The Federal Trade Commission has finished applying an astringent solution to a group of skincare companies that it accused of using deceptive marketing and billing tactics to skin consumers.
The companies, which sold Auravie, Dellure, LéOR Skincare, and Miracle Face Kit products have agreed to court orders with the FTC or had default orders entered against them.
“These defendants tricked people into paying for skin care products and abused the credit card system to extend their scheme,” said Jessica Rich, director of the FTC’s Bureau of Consumer Protection. “The Commission will continue to attack scams that rely on supposed ‘free trial’ offers and unauthorized credit card charges.”
The agency said the defendants sold their skin creams through false advertisements for “risk-free trials.” According to the FTC, the defendants convinced consumers to provide their credit card information, purportedly to pay nominal shipping fees.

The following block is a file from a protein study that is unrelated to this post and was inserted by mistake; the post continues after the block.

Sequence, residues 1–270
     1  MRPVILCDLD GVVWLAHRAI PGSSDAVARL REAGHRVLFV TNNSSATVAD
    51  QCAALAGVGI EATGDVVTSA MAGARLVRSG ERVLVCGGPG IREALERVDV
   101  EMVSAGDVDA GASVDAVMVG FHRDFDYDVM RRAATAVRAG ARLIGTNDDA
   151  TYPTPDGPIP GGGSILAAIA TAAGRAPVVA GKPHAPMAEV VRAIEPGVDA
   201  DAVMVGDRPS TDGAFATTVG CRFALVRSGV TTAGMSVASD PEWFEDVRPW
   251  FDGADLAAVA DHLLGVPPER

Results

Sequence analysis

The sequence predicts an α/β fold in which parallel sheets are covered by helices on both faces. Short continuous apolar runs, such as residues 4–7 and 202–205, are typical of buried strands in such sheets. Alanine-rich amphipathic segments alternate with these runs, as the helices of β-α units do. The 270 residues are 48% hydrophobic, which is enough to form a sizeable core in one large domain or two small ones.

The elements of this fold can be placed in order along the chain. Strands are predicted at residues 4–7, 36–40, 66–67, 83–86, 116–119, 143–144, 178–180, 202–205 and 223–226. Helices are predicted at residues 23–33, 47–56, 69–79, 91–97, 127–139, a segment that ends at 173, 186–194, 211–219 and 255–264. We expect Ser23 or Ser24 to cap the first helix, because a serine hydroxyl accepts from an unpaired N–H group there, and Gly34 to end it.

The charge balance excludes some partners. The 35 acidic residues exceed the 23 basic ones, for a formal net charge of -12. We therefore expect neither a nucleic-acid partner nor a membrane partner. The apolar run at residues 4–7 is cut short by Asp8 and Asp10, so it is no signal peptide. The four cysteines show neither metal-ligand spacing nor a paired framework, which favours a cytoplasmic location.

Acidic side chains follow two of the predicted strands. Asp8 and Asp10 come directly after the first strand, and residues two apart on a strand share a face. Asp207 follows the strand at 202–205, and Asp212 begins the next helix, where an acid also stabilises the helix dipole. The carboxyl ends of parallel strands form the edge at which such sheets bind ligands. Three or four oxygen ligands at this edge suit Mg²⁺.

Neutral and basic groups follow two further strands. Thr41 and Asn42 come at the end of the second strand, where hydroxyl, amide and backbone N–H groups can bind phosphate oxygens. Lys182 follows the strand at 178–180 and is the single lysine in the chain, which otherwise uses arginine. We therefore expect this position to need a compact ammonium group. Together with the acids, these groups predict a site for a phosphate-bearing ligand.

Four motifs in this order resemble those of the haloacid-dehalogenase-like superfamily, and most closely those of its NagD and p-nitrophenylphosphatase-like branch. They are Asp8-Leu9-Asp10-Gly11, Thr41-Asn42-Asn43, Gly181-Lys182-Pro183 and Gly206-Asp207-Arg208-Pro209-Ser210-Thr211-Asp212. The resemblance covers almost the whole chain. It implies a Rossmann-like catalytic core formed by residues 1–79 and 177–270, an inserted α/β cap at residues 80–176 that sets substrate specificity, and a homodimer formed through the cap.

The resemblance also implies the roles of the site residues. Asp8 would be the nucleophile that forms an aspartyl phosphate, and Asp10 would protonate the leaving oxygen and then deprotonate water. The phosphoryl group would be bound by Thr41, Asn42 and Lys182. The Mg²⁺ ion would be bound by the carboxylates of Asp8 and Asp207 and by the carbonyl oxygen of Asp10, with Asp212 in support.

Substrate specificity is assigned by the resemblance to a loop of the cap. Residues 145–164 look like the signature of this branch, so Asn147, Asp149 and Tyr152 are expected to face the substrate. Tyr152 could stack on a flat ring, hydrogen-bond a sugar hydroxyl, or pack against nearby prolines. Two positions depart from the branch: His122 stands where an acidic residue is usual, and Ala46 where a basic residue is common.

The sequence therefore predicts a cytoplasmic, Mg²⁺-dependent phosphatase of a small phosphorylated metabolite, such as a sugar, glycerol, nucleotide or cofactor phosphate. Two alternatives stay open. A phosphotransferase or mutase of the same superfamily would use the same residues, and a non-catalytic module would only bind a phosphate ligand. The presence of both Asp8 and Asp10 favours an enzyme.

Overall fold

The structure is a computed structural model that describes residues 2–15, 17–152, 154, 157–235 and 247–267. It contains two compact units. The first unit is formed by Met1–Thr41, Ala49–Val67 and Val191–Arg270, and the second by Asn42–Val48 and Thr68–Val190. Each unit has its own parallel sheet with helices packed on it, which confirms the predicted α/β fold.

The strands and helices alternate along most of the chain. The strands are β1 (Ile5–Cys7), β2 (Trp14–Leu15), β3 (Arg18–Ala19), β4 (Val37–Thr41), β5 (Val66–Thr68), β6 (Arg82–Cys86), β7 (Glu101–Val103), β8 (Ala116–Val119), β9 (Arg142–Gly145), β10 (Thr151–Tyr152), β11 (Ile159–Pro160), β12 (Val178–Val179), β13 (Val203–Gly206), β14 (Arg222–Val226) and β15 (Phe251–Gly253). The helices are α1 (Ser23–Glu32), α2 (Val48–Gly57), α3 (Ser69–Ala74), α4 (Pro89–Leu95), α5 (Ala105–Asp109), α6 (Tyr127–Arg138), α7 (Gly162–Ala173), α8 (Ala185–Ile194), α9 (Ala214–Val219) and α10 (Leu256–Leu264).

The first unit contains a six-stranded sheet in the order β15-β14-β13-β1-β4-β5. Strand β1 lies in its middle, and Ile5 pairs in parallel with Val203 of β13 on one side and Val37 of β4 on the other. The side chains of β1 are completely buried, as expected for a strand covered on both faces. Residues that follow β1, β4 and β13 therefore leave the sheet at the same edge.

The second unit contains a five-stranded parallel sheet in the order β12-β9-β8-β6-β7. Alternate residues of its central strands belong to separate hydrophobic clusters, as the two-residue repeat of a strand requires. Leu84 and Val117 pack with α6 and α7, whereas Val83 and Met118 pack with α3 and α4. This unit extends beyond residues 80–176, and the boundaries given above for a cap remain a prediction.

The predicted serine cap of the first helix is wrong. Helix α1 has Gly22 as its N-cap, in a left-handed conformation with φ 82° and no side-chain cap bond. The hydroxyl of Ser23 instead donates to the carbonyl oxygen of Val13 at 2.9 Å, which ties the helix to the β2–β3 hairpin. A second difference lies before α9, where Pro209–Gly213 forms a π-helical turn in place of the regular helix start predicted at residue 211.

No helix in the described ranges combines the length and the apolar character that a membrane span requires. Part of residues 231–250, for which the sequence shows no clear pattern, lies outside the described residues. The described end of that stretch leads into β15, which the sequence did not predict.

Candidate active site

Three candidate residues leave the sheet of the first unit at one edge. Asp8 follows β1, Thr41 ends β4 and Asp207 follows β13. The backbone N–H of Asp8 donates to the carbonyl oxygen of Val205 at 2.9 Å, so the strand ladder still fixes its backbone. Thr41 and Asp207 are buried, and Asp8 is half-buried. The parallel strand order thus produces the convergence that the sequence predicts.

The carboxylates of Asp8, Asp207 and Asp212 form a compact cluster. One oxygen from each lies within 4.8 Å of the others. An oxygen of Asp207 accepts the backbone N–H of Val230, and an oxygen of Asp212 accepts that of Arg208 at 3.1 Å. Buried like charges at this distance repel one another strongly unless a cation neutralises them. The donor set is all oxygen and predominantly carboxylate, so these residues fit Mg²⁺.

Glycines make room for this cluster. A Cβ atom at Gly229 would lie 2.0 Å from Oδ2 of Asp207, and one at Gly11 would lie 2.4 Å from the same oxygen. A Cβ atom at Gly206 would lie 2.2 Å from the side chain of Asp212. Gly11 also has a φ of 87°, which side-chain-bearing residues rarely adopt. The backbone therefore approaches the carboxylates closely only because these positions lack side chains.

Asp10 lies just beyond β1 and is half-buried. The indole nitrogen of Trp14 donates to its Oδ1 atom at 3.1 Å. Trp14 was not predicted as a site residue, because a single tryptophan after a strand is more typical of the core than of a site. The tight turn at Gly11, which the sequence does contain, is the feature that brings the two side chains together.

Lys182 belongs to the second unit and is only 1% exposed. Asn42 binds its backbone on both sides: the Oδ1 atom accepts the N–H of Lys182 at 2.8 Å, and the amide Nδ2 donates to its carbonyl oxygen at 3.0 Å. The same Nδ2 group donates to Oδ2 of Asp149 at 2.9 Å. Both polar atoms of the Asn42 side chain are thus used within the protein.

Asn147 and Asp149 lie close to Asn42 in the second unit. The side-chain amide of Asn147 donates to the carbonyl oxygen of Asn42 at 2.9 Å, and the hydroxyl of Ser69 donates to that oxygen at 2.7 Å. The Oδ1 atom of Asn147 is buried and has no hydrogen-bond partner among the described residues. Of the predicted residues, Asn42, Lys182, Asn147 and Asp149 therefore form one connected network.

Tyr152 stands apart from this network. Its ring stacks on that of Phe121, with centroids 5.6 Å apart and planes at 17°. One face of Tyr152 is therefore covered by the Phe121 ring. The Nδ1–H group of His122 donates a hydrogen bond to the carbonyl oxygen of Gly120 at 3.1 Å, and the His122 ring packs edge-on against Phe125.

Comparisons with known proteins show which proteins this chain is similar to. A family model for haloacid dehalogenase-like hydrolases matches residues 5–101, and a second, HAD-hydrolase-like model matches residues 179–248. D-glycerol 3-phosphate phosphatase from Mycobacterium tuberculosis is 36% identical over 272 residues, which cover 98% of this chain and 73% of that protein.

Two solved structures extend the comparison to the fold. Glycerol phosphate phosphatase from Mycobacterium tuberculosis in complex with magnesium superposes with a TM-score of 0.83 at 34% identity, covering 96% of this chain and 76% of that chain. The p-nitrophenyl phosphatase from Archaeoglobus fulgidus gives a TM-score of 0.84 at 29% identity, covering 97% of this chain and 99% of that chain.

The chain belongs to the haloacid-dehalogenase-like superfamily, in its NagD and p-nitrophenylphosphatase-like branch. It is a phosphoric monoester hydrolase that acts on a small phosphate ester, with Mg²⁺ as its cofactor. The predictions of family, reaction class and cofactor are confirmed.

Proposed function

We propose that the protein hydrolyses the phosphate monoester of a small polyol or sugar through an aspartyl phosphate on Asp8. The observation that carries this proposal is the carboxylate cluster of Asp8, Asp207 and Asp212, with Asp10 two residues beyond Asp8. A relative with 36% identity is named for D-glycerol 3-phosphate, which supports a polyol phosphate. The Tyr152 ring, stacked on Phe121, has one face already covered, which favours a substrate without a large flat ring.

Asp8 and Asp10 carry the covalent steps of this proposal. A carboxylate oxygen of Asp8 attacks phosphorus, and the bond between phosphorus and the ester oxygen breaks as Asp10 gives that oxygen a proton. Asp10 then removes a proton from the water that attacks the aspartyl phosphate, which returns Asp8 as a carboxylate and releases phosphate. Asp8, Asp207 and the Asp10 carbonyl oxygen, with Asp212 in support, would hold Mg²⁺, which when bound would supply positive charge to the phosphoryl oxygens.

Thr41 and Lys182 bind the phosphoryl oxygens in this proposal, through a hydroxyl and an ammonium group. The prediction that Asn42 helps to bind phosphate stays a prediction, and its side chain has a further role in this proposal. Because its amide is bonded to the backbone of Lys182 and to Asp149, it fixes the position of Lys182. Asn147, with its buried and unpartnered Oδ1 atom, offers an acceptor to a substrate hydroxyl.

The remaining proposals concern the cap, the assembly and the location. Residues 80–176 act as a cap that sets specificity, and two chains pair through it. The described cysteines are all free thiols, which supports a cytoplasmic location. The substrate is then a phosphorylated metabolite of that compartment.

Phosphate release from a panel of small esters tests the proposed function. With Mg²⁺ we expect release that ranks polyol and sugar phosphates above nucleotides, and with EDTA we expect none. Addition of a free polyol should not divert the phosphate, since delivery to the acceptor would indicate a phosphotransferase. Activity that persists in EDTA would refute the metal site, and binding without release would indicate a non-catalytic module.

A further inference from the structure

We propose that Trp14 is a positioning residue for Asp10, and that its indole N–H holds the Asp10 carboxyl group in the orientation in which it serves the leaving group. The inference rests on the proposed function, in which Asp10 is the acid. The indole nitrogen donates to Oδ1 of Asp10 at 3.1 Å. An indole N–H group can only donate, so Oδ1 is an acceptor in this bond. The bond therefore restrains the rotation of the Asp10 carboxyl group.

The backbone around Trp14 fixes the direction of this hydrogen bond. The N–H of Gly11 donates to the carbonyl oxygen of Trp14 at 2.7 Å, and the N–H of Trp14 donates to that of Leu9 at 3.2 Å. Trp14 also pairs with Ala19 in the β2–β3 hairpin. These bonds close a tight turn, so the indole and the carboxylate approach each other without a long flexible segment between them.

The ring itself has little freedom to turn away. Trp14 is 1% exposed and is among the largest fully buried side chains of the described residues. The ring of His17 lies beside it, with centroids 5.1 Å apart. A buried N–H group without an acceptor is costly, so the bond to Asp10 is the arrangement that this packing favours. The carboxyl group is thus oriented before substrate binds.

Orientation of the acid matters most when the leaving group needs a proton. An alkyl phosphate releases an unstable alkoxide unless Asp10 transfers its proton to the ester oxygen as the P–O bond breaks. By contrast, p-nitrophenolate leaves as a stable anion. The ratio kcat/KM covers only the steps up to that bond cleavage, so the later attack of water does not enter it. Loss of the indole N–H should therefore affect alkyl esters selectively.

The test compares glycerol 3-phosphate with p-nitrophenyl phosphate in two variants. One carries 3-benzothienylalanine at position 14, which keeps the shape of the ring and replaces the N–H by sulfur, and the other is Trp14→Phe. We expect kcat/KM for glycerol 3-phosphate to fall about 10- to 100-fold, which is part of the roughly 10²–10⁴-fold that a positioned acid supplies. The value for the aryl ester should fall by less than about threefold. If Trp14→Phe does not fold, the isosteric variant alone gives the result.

However, the defendants allegedly used consumers’ credit card information to impose unauthorized recurring monthly charges of up to $97.88 per month for unordered products. The FTC also charged defendants with misrepresenting themselves as accredited by the Better Business Bureau (BBB).
The total number of defendants eventually reached 33. Most were charged with violating the FTC Act, the Restore Online Shoppers’ Confidence Act, and the Electronic Funds Transfer Act.
Each final order bans the defendants from selling products through a “negative option,” in which the consumer’s silence is interpreted as consent to receive and pay for goods and services. The orders also bar them from future deception and credit card laundering.